By John Halksworth
There are many things we all wish post suites were: simpler, more efficient and easier to work in are just three of those things. Wouldn’t it be great if we could make all of these improvements and make post suites even more functional using even less hardware? By incorporating an IP-based high-performance KVM (keyboard, video and mouse) system into the post suite, engineers can add enhanced functionality, scalability and cost savings to their existing workflows.
IP-based KVM turns a single screen into a portal to all computers, none of which need to be in the same physical location as the screen and input device. This allows computers to be moved to another location — be it another room, floor or building — it really doesn’t matter. The key thing is that a user only requires a single keyboard, video and mouse to control any number of remotely located computers. There are several environmental advantages associated with this technology — removing heat, and noise from the workspace being the most critical. Allowing preventative maintenance, saving space and increasing flexibility are just a few more.
Better flexibility and functionality
Maintaining suite occupancy is critical in the post environment, as this means revenue. This is where IP-based KVM technologies can help, allowing a facility to reconfigure suites at the press of a button, or customize a series of suites to handle a specific production.
The idea of the “cookie cutter” suite has really caught on, allowing a facility to roll out standard sets of interface equipment, monitors and audio and then re-function the suite in less than a second. One minute it could be NLE, then grading, CGI, VFX, audio and so on. What’s more, users can duplicate connections to multiple suites allowing collaborative, rather than silo-based, workflows across large productions.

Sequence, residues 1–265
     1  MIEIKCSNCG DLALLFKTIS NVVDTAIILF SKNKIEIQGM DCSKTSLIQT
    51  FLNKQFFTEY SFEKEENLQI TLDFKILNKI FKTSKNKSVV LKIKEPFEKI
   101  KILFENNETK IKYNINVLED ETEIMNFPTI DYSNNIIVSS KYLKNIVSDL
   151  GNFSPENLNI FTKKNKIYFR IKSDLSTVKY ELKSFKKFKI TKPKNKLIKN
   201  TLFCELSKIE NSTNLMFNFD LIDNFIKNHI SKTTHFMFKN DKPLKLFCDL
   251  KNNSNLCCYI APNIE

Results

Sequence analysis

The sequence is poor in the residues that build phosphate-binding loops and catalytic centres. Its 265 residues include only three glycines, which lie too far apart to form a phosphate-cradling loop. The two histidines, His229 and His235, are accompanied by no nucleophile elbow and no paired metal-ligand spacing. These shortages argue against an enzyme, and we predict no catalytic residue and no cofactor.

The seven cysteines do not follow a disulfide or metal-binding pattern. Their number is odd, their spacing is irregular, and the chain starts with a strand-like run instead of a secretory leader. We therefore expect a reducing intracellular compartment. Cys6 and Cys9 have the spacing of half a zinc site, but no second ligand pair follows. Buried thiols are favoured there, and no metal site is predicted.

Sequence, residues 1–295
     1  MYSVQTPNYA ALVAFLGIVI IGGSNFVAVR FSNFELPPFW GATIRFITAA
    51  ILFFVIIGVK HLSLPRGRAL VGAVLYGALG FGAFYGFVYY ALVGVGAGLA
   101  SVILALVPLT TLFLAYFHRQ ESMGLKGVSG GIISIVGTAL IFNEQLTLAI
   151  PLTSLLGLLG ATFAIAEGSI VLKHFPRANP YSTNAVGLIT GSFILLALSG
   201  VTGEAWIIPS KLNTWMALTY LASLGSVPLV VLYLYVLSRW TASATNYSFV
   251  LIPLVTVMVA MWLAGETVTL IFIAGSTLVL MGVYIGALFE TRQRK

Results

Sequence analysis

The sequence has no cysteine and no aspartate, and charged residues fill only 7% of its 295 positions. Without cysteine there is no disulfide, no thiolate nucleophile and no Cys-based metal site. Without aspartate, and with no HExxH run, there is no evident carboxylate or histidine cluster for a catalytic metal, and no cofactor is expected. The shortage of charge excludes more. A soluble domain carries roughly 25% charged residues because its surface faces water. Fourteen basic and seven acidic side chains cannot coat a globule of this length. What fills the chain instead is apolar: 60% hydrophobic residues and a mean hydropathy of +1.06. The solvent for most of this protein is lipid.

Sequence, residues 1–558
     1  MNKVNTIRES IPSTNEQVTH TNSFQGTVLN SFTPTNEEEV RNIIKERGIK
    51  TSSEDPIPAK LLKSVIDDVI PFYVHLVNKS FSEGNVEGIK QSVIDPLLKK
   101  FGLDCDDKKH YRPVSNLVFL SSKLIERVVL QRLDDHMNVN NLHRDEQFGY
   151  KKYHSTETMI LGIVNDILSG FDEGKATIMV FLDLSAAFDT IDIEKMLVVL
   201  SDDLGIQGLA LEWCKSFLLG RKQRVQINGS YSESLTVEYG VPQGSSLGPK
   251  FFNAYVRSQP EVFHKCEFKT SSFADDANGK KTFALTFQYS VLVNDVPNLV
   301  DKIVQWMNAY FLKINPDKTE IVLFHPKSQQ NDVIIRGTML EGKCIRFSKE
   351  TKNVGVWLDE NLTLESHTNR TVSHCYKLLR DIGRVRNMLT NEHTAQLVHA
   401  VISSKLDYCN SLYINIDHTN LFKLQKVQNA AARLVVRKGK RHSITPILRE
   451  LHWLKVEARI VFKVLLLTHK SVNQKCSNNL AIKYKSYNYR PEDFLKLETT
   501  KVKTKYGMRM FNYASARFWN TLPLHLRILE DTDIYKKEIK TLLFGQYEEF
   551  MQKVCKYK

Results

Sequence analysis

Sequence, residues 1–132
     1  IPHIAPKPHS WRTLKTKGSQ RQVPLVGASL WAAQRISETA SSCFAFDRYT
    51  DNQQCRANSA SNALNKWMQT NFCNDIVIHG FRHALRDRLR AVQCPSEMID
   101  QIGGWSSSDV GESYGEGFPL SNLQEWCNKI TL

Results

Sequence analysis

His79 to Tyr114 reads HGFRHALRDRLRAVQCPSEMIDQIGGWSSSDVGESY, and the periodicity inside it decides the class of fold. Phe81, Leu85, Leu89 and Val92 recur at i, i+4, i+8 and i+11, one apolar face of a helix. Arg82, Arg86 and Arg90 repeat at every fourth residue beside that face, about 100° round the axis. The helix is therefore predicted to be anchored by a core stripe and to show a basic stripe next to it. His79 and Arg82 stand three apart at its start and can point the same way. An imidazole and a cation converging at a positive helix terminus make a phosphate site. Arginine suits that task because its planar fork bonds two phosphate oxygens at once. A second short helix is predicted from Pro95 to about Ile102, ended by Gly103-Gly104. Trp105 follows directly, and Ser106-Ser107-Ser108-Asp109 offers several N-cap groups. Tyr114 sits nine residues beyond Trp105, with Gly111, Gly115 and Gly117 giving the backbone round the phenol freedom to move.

The user is at the center of all great technology deployments for creative industries, and there should be no lesser expectation when it comes to the choice of connectivity. If users have to spend time thinking about the connectivity, they aren’t spending time thinking about the thing that pays the bills. High-performance KVM must be absolutely transparent to the user, and when control takes place, it must be fast and critically intuitive.
By selecting an IP-based solution, we further exploit intuition during roll out and management. IP has been, and will be, around for a very long time, so expertise already exists in most businesses. The concept doesn’t change here. Adding devices to a network is very straight forward, making scalability truly fluid. This differs greatly from traditional setups where the cost of increasing the system by just one end point is significant, and needs additional equipment installed by engineers with specific knowledge of the proprietary technology.
As IP continues to be adopted throughout the post workflow as a standard transport layer, organizations will be able to enjoy a great many advantages, including lower costs, scalability, interoperability and functionality. IP-based KVM, particularly high-performance IP-based KVM, is an excellent use case of how post pros can reap the benefits of this technology and provides the ideal platform to expand the use of IP further across organizations in the media production industry.
Questions From Users